Hastings Mayor Lawrence Yule has denied a claim made by one of his councillors that, if re-elected, he is planning to use the deputy mayor position for succession planning.

Councillor Simon Nixon, who is seeking re-election to the council, said he had been given the impression that Mr Yule was lining Damon Harvey up to be deputy mayor if he was re-elected to complete his next term.

Mr Yule, who is fighting for re-election in the face of competition from councillor Adrienne Pierce and local lawyer Guy Wellwood, denied the claim last night.

Mr Nixon said: "Lawrence plans to step down after his next term so he would have led the way for Damon to step in to his role if he elects him as deputy. I do not think this is how it should work . It should be up to the people of Hastings to decide."


"A succession might work in a company, a rigid organisation but not in a committee that is made up of individuals."

Mr Harvey said he had contemplated going for mayor after he was approached by several people to go for the position, but he decided to just go for council.

He denied that he was deterred from going for the mayoral role in hope that he could follow on from Mr Yule after he completed his final term.

"I had no interest in going against Lawrence for mayor. Experience and ambition are important to me and I started on Sport Hawke's Bay as a board member, gained experience and then progressed to deputy and then chairman," Mr Harvey said.

Mr Yule said he heard Mr Harvey had mayoral aspirations but told him it was important to gain experience on the council first before going in to the role.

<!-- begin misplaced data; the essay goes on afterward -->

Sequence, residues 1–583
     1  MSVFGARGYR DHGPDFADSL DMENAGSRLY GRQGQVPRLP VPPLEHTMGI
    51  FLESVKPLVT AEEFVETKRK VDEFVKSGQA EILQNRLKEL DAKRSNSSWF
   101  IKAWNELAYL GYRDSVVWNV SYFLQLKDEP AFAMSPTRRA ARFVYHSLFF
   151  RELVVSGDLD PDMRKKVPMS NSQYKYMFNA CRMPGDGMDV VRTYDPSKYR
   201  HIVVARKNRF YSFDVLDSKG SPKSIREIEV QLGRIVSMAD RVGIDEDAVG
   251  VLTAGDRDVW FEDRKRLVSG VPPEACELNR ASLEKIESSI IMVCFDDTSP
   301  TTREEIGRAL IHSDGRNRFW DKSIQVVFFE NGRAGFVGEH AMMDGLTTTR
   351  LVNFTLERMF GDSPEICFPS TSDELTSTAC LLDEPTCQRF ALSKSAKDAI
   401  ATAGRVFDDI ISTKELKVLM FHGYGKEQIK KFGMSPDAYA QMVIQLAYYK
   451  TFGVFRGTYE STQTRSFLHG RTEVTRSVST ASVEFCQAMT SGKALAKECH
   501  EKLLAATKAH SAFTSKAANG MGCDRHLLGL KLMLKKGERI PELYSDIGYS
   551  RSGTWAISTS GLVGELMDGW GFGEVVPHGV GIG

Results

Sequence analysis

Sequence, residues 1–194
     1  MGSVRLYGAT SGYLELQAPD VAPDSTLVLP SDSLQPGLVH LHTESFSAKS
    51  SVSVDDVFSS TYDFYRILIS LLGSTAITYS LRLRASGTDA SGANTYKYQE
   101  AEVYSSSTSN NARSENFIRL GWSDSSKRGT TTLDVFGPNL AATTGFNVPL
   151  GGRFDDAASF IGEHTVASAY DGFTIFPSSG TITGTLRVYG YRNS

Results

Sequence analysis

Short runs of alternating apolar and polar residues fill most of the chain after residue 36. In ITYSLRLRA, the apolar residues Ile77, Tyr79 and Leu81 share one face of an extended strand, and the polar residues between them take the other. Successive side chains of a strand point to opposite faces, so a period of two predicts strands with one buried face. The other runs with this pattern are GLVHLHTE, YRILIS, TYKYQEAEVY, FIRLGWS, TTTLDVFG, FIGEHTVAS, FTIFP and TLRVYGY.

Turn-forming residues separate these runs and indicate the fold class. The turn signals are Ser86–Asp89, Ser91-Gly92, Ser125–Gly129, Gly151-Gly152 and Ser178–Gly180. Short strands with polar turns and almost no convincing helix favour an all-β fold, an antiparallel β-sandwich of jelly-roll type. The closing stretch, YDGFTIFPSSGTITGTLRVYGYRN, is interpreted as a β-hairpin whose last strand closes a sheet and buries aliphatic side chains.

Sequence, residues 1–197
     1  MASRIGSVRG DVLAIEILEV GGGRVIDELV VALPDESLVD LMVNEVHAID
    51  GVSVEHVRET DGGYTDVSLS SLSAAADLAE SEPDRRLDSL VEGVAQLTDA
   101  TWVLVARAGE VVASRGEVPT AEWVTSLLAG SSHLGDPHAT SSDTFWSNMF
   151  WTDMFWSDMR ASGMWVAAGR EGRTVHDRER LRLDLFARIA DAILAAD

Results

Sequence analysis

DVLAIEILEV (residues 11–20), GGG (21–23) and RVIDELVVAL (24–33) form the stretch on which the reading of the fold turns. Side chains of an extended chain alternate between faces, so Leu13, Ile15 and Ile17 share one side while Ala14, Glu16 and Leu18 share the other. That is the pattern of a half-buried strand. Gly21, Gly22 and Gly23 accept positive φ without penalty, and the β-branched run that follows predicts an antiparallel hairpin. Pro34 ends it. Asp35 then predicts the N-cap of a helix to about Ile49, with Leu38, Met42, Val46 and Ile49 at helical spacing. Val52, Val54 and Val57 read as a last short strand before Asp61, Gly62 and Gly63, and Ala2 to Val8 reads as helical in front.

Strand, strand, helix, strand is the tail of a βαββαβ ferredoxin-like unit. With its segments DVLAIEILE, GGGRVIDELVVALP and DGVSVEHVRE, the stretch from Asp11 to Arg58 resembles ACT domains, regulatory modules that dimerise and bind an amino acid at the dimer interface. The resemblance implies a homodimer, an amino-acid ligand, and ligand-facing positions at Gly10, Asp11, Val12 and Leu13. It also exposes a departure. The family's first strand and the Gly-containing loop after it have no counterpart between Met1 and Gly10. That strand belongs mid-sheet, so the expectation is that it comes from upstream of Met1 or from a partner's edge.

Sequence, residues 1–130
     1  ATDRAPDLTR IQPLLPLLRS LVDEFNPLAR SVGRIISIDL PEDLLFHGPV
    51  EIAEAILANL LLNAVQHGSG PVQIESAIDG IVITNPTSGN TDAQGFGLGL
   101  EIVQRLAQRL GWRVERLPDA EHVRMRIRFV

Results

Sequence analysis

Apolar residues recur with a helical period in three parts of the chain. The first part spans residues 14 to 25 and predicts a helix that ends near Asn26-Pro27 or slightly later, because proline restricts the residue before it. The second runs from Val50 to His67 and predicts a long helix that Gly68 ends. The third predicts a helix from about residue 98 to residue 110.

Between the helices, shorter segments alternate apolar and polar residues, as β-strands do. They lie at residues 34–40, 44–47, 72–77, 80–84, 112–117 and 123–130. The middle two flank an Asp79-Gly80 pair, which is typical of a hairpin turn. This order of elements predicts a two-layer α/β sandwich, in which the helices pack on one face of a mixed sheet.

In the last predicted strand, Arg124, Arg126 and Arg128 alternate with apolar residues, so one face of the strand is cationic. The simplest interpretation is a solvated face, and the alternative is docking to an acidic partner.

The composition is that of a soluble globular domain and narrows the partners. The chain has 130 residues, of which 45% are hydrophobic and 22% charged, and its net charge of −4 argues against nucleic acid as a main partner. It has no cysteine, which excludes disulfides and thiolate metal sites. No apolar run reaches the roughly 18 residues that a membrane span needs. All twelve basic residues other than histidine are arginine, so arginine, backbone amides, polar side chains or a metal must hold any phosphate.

He also denied the claims made that he was lining Mr Harvey up and said under the Local Government Amendment Act in 2012 you were not able to do so.

Mr Nixon said in a letter to the editor in Hawke's Bay Today yesterday that the mayor was able to choose his deputy as in 2013. This addition was made to part four of the act, which would give the mayor power to appoint the deputy mayor.

"Whilst there are circumstances where the deputy mayor or the chairpersons can be removed and replaced, this requires that the mayor declines to exercise the above rights," Mr Nixon said.

Mr Yule said Mr Nixon was wrong because the rest of the country differed to Auckland.

"In Auckland they are under a separate legislation and they are able to do that. For the rest of us the mayor is able to make an appointment but after one month the decision is able to be overturned by the other councillors," Mr Yule said.

He said therefore it would be important to get majority view and have full support from the council so it is not overturned.

Mr Nixon, who lost to Mr Yule in the last mayoral race in 2013, also accused Mr Yule of lining up Sandra Hazlehurst for the deputy role. Both Mr Yule and Mrs Hazlehurst denied this.

"There certainly has not been pre-arrangements and, like I have said before, whoever is elected will be consulted by mayor and voted on by the council," Mrs Hazlehurst said.

Ms Pierce said it was up to Mr Yule to decide how to choose his deputy, but she would, if elected, put it to the council for a decision.

Mayoral candidate Guy Wellwood said he had also heard the deal where Mr Harvey would become mayor once Mr Yule had completed his next term.

"I certainly will not be choosing my deputy mayor before being elected," Mr Wellwood said.

"I think it is a very important position and I think Simon is right in saying that the mayor does appoint their deputy mayor."